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Joe Nicholson-USA TODAY Sports

At that moment, the home run was huge. With the Mariners trailing 5-3 in the bottom of the 10th inning against the Angels on Monday night, needing a win to stay a half-game ahead of the Rangers in the race for the AL’s third wild card, Julio Rodríguez He chased a low sinker. by José Marte and tossed it over the center field wall into the No-Fly Zone, the personal cheering section of T-Mobile Park where the J-Rod Squad is located. The 402-foot blast was Rodriguez’s 30th of the year, meaning it not only tied the game, but made the 22-year-old center fielder the third-youngest player to join the 30-homer, 30-homer club. robberies.

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Counting up to the moment the players joined the club by reaching the second milestone, only Mike Trout (21 years, 54 days in 2012) and Ronald Acuña Jr. (21 years, 248 days in 2019) reached 30 home runs and 30 bases stolen in the same season at a younger age. Alex Rodríguez, like Julio Rodríguez, reached the mark in his age-22 season, and is the only other Mariner to accomplish the feat, but he was 23 years and three days old when he recorded his 30th steal in 1998.

The downside of it all was that the Angels scored three runs in the top of the 11th, and the Mariners fell in order in the bottom of the inning, trailing 8-5 and falling half a game behind the Rangers, with tiles. (whom the Rangers beat on Monday) just another half game left. Understandably, this left Rodriguez in a less than festive mood. Through the Seattle Times’ Ryan Divish said: “You know me, you know what I do every time I go on the field… It’s hard to talk about the good things you’re doing, when we, collectively, aren’t doing well. For me it’s always about winning first. That’s why we are here. As cool as it may seem, in the 30-30 club what I’m looking for is to win.”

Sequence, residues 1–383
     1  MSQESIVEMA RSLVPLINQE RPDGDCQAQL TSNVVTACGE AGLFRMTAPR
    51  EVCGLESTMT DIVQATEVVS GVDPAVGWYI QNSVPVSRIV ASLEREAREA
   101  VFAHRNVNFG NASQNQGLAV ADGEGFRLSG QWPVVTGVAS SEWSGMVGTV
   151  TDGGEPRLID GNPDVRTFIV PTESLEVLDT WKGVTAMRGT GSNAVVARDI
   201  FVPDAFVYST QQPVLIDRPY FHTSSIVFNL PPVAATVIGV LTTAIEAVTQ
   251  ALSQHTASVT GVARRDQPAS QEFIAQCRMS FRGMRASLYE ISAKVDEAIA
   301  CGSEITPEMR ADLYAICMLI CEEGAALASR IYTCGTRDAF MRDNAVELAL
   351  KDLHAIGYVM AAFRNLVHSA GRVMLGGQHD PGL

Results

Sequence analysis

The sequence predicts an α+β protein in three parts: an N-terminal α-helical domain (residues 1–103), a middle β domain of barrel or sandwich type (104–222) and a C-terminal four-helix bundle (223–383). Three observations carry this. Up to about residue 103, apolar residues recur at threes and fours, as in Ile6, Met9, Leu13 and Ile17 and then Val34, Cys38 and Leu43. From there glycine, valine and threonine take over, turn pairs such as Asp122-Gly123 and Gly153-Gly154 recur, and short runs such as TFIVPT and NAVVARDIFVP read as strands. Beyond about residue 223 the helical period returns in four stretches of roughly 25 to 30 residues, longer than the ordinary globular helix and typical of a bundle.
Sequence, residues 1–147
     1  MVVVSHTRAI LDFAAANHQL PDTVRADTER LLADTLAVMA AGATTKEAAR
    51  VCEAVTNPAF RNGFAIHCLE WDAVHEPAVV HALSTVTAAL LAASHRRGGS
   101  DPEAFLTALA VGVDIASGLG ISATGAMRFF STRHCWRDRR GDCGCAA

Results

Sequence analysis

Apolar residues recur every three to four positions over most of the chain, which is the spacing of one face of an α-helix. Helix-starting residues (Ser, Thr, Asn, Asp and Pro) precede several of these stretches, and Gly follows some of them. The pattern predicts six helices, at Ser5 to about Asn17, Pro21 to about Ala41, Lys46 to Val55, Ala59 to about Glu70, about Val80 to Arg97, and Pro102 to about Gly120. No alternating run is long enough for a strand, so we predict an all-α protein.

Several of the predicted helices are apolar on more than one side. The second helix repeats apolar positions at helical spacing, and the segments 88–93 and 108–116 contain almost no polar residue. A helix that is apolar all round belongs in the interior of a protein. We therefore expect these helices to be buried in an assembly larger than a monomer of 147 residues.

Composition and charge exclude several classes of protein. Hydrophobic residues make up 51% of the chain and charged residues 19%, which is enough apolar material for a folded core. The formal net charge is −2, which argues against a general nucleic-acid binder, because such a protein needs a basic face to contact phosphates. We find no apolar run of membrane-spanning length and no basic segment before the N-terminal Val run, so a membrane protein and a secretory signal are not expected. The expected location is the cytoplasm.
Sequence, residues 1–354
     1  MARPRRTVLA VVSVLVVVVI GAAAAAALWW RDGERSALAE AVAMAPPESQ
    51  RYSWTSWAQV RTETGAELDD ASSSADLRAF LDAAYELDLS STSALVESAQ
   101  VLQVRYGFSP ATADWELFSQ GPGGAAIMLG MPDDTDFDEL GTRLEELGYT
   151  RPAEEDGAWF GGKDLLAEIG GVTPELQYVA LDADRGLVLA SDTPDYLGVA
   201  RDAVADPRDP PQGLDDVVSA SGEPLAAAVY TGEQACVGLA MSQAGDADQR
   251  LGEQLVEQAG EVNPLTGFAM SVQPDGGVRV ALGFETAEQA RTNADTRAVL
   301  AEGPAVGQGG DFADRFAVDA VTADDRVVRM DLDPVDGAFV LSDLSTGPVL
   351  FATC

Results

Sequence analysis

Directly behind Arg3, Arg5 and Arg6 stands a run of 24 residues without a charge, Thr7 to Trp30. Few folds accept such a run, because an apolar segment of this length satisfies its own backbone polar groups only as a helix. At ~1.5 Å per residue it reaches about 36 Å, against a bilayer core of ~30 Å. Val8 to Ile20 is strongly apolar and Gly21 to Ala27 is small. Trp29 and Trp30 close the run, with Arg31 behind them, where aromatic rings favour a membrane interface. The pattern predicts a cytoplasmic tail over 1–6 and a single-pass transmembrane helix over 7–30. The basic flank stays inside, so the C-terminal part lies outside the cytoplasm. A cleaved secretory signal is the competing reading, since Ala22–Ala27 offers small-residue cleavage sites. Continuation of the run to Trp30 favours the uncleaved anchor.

The good news is that Tuesday night’s wins by the Mariners and Rangers left Seattle and Toronto at 80-65, tied for the third wild card spot in the American League, a half-game behind the Rangers at 80-64. The Astros (82-65) are just one game ahead of the Rangers and 1.5 ahead of the Mariners in a wild three-team race through the West. As for Rodriguez, he became the 44th player to reach 30-30, matching his jersey number (“That’s a really cool statistic,” he noted). The feat has been accomplished a total of 67 times and that number could be increasing. In fact, this year there is a possibility that we will get a record number of 30 to 30 members.